Two months after a Cleveland, Tenn., man was charged with shooting his daughter’s grandparents to death, he was back in court.
Aaron Lawson, 32, who is charged with two counts of first-degree murder in connection with the April shooting deaths of Eddie and Debbie Phillips, was assigned public defender Richard Hughes to represent him, then hauled back to jail.
Lawson stood shackled and alone in Bradley County Criminal Court when his name was called Monday. None of his family members attended the hearing and Lawson’s parents, who live near Charleston, Tenn., declined comment when reached later by telephone.
Hughes now must file a motion that asks Judge Carroll Ross to set bond for Lawson, said 10th Judicial Circuit District Attorney Steve Bebb.
Police contend Lawson ambushed 58-year-old Eddie Phillips and 54-year-old Debbie Phillips outside their home on April 19 and shot them at least three times apiece.
The Phillipses both died in their driveway. Eddie Phillips had three gunshot wounds to his torso, and Debbie Phillips had three gunshot wounds to her neck, arm and forearm, an autopsy report showed.
After leading police on an all-night manhunt, Lawson was arrested the next day at his uncle’s auto shop off Highway 58 in north Hamilton County.
Lawson dated the Phillipses’ daughter, Priscilla, briefly and they had a child in 1999, court records show.
Police and Lawson’s family members say the Phillipses and Lawson were fighting over where Lawson’s 11-year-old daughter would spend Easter weekend.
Ernie and Tammy Lawson, the uncle and aunt of Aaron Lawson and owners of the auto shop where he was found, argue that their nephew went to the Phillips home to try to make peace, but the encounter turned into a heated argument and he lost his temper.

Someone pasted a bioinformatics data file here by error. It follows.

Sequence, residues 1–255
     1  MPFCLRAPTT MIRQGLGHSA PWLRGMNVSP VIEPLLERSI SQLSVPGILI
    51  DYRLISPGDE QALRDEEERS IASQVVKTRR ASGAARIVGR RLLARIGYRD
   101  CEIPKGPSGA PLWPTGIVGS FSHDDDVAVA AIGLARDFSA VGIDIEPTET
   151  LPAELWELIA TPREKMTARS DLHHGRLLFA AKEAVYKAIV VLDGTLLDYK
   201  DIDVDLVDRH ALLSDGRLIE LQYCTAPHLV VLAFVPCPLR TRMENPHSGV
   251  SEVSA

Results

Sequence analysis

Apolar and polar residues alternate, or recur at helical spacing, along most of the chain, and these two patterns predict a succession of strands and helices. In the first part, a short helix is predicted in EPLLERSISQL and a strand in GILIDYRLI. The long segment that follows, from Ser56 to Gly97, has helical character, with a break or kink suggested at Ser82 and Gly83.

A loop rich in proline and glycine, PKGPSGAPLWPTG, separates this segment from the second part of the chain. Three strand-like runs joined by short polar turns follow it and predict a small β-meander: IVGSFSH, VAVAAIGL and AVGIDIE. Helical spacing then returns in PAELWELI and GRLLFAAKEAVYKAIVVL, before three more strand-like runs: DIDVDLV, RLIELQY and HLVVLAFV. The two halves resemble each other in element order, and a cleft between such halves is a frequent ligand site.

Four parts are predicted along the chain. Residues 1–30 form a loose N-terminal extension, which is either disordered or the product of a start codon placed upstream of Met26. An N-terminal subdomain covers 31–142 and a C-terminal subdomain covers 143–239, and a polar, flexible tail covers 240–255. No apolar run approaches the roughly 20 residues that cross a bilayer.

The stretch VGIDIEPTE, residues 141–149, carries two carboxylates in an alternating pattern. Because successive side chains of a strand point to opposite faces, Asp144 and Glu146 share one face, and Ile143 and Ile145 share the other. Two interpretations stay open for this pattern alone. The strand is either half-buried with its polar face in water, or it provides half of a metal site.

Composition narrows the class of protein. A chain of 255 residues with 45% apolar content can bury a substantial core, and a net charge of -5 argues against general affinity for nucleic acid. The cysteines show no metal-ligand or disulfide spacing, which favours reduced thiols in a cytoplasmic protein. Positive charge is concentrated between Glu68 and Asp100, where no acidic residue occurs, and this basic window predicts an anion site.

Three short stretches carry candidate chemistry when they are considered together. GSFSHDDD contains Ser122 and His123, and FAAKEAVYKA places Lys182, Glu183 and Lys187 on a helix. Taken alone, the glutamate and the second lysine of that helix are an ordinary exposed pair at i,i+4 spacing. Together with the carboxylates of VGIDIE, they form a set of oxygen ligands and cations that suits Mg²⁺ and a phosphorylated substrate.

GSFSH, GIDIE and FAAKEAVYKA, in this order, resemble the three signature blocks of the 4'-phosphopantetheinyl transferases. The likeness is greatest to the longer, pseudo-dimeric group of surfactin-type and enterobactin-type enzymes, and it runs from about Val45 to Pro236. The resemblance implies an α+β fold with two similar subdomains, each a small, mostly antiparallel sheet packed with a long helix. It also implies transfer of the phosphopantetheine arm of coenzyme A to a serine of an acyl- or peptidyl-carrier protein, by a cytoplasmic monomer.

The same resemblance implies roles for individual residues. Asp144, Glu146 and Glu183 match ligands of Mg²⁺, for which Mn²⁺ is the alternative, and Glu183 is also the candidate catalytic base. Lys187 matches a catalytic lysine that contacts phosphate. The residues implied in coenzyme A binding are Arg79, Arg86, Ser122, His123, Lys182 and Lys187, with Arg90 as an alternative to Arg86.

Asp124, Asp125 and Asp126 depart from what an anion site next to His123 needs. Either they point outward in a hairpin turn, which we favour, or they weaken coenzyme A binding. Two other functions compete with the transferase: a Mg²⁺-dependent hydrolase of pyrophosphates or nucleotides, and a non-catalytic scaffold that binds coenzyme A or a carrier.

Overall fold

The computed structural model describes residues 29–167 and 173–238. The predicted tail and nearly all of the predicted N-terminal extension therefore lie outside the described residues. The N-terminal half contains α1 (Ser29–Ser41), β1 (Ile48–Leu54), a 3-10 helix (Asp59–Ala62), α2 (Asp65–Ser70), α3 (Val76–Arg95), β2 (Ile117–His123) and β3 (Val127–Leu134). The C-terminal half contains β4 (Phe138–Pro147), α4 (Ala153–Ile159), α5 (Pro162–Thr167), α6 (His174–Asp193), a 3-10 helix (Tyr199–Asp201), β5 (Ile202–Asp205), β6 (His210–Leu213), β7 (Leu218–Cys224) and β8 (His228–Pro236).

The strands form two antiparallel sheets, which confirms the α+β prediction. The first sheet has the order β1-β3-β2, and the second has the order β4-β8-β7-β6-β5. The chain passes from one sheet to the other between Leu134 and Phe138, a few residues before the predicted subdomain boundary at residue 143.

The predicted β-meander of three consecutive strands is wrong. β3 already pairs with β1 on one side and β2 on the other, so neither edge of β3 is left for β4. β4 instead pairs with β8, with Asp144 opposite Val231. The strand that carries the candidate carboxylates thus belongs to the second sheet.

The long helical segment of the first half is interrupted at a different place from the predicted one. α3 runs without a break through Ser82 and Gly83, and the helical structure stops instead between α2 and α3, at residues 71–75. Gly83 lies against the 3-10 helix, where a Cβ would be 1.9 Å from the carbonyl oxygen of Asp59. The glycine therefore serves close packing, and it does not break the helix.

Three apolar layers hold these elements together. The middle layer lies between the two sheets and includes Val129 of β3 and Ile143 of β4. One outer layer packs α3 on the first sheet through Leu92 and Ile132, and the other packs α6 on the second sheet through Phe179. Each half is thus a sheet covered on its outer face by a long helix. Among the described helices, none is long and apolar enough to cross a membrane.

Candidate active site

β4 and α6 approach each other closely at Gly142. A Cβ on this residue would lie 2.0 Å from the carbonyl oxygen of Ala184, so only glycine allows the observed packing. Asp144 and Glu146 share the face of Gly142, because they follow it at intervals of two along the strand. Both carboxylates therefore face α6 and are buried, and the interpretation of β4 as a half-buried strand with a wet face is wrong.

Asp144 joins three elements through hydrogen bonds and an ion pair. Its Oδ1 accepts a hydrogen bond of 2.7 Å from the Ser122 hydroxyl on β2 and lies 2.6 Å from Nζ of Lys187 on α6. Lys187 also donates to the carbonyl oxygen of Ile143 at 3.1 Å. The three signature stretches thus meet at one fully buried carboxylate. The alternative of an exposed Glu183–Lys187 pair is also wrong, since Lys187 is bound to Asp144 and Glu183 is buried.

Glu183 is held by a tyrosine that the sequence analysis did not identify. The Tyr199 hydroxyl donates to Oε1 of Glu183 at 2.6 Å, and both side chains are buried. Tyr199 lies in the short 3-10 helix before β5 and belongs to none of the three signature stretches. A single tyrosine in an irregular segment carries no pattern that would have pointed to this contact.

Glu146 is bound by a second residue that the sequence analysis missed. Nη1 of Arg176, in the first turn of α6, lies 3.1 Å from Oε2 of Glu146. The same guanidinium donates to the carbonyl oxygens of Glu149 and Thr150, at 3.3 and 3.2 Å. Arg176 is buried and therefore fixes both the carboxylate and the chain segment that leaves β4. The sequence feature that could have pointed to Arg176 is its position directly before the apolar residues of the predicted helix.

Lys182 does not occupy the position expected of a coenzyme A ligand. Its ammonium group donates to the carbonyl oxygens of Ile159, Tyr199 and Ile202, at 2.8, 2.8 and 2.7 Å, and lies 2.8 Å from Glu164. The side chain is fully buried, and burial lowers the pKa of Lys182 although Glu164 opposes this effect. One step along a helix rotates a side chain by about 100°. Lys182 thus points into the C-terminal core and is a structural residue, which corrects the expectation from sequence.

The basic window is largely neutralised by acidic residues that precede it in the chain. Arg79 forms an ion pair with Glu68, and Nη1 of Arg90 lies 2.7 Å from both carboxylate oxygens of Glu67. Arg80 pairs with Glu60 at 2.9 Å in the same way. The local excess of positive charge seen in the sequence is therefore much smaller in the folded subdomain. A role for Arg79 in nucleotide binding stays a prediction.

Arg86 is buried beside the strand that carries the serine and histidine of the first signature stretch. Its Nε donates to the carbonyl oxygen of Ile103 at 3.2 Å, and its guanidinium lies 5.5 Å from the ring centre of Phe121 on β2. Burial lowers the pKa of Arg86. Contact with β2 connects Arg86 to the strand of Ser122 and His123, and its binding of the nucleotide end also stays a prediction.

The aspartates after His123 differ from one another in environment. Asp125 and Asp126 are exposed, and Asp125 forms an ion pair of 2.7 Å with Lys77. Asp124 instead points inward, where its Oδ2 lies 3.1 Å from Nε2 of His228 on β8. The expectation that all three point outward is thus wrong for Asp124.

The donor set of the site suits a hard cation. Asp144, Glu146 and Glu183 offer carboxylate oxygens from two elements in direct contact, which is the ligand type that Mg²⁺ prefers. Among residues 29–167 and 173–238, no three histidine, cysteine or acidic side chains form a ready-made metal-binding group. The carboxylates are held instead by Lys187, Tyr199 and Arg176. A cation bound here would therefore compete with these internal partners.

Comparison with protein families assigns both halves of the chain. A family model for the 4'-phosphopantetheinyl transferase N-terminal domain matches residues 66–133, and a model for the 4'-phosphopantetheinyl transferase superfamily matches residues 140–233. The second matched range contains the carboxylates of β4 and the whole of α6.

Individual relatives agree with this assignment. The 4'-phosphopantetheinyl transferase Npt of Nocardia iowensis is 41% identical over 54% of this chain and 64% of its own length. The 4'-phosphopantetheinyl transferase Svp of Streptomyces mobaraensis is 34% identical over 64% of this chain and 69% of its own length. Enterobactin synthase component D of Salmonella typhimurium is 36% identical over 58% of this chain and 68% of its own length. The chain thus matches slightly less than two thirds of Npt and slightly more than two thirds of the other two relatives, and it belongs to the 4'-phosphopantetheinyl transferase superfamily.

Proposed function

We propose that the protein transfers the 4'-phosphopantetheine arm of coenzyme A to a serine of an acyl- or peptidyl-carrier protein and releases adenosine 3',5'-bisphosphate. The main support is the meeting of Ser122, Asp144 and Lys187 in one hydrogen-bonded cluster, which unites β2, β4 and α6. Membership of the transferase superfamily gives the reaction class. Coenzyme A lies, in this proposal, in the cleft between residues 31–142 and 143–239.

Lawson and the Phillipses had a long-running, contentious relationship, and an aggravated assault charge put another wedge between them in February, his aunt and uncle said. Lawson was arrested and charged with assault after police say he stabbed a man in the stomach outside a Cleveland bar.
Lawson and Priscilla Phillips fought for years in court over whether Lawson should be able to see his daughter. When his daughter was 22 months old, he was granted supervised visitation at his parents’ Cleveland home, court records show.
But his visitation rights were taken away in 2003 when he was arrested on a charge of making methamphetamine in a Meigs County trailer, court records show. When Lawson wasn’t indicted on the charges, a judge restored his visitation.
Since 1996, Lawson has been arrested multiple times on charges such as DUI, reckless endangerment and speeding, court records show. He also has a theft charge from 2002, according to records.
Contact Joy Lukachick at email@example.com or 423-757-6659.
Joy Lukachick is the city government reporter for the Chattanooga Times Free Press Since 2009, she's covered breaking news, high-profile trials, stories of lost lives and of regained hope and done investigative work. Raised near the Bayou, Joy’s hometown is along the outskirts of Baton Rouge, La. She has a bachelor’s degree in mass communication from Louisiana State University. While at LSU, Joy was a staff writer for the Daily Reveille. When Joy isn't chasing ...